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Yantz Coat of Arms / Yantz Family Crest

This Hungarian surname of YANTZ was originally derived from the Hebrew given name YOCJANAN (Jehovah has favoured me with a son), and the name was adopted into the Latin (via Greek) as JOHANNES. This name has enjoyed enormous popularity in Europe, being given in honour of St. John the Baptist, precursor of Christ and of St. John the Evangelist, author of the fourth gospel, as well as others of the nearly one thousand saints of the name. There are numerous variant spellings of the surname, and it is known to every country in the world in different forms which include YANKOV, YANSHONOK, YANUK, YANUKHIN, YANYUSHKIN, YANTSUREV, YANYSHEV and YANSHINOV to name but a few. There have been many notables of the name including twenty-one popes and two anti-popes XVI (997-8) and XXIII the former included in the papal numbering, which erroneously contained a fictitious John XV who was thought to have ruled for a few weeks immediately prior to the true John (985-96). The Hungarian language is quite distinct from its Germanic and Slavonic neighbours, and is of Finno-Ugric rather than European origin, and so it is related to Finnish. However, the strongest cultural influence in historical times has been German, and the pattern of Hungarian surnames is similar to that found in Germany and Austria. In the 19th century, surnames ending in 'Y' came to be considered more aristocratic than those ending in 'I', although it has been shown that the alternation between these two letters depended on the whim of a clerk, and had no connection with rank. A notable member of the name is Alexander YANKOV, born 22nd June 1924. He has been the Ambassador and Permanent Representative of the People's Republic of Bulgaria to the United Nations since 1976; Deputy Minister for Foreign Affairs, Bulgaria, since 1976. Over the centuries, most people in Europe have accepted their surname as a fact of life, as irrevocable as an act of God. However much the individual may have liked or disliked the surname, they were stuck with it, and people rarely changed them by personal choice. A more common form of variation was in fact involuntary, when an official change was made, in other words, a clerical error.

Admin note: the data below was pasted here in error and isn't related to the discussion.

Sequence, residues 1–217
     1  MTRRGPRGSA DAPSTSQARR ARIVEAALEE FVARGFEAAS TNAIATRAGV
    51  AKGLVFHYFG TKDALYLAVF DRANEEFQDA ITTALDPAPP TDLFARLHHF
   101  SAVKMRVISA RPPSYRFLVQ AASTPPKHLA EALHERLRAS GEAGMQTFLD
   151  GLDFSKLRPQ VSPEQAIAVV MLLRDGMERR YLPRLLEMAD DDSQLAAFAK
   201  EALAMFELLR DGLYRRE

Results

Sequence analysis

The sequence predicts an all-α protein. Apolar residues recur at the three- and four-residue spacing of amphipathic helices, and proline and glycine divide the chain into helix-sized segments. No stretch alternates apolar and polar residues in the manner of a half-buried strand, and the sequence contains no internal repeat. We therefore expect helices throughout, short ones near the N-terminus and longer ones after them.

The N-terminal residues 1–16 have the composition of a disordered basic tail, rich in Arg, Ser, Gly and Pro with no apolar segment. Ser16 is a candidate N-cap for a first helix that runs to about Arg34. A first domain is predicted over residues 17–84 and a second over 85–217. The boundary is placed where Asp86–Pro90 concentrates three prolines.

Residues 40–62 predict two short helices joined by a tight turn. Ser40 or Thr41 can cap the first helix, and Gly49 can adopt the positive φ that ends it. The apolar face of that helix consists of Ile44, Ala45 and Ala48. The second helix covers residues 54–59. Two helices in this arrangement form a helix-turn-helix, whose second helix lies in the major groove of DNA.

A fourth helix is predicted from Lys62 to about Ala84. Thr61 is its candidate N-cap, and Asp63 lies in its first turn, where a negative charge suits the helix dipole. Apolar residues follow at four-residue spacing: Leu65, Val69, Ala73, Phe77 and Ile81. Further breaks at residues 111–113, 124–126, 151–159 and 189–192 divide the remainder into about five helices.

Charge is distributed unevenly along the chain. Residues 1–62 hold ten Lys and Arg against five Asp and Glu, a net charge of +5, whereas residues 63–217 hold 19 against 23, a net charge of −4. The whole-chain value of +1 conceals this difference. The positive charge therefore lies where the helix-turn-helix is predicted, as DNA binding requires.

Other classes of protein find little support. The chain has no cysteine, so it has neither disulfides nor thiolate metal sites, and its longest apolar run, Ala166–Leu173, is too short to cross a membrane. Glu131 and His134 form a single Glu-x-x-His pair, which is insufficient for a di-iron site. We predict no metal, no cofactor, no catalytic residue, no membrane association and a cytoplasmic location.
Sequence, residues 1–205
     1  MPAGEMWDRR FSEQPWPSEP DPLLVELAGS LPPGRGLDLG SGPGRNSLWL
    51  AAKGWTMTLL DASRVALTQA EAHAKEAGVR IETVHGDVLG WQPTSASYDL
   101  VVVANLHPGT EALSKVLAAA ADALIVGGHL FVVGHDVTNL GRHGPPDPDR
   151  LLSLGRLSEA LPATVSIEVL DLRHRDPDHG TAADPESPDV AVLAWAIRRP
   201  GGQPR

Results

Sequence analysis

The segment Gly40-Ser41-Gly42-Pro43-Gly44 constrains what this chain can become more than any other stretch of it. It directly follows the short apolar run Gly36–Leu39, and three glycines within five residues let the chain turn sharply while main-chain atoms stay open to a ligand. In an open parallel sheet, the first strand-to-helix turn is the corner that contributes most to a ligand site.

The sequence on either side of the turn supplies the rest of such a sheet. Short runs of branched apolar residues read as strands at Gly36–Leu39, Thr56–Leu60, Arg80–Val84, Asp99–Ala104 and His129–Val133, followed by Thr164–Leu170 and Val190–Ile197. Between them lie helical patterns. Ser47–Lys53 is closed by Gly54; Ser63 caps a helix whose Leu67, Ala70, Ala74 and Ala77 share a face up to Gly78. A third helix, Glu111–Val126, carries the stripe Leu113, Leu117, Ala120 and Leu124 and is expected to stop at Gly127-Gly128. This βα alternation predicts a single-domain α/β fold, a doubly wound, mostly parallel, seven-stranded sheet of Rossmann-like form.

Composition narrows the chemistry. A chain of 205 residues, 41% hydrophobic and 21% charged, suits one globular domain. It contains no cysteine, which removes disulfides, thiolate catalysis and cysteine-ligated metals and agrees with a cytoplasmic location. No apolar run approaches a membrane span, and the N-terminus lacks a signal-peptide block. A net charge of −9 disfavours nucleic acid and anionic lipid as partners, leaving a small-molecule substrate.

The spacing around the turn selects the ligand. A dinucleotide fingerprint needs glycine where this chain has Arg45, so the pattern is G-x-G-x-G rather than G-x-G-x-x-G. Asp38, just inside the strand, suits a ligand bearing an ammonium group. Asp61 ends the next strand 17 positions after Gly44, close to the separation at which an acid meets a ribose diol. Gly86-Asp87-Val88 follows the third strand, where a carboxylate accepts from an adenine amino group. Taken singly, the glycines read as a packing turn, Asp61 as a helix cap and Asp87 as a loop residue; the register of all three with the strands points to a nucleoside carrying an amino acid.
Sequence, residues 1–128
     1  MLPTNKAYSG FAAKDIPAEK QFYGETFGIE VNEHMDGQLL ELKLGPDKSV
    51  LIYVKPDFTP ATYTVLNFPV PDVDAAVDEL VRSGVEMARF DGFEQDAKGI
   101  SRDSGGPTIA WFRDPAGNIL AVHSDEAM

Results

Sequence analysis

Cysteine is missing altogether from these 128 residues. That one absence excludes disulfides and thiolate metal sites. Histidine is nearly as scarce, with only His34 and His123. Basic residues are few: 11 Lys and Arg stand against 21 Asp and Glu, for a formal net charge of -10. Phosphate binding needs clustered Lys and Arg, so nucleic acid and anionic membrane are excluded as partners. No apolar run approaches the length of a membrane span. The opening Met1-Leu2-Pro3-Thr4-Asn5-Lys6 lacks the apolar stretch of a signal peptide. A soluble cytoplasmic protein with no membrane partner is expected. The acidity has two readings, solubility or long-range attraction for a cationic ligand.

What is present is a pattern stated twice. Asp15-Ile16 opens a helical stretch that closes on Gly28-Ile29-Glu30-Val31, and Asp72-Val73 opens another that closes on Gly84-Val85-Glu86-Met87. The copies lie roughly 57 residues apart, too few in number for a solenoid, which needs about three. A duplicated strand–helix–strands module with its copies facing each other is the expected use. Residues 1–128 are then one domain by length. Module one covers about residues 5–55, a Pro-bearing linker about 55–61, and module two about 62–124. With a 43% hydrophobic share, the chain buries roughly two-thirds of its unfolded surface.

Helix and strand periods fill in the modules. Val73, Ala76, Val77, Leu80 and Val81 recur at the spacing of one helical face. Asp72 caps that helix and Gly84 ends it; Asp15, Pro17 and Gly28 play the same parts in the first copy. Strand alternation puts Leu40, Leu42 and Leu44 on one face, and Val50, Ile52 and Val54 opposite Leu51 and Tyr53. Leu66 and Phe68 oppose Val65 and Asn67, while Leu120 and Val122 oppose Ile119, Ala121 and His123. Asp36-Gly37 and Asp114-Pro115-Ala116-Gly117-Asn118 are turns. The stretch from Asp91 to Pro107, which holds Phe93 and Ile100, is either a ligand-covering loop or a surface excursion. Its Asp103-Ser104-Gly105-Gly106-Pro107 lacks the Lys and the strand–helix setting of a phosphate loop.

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Last Updated: Dec. 1st, 2021

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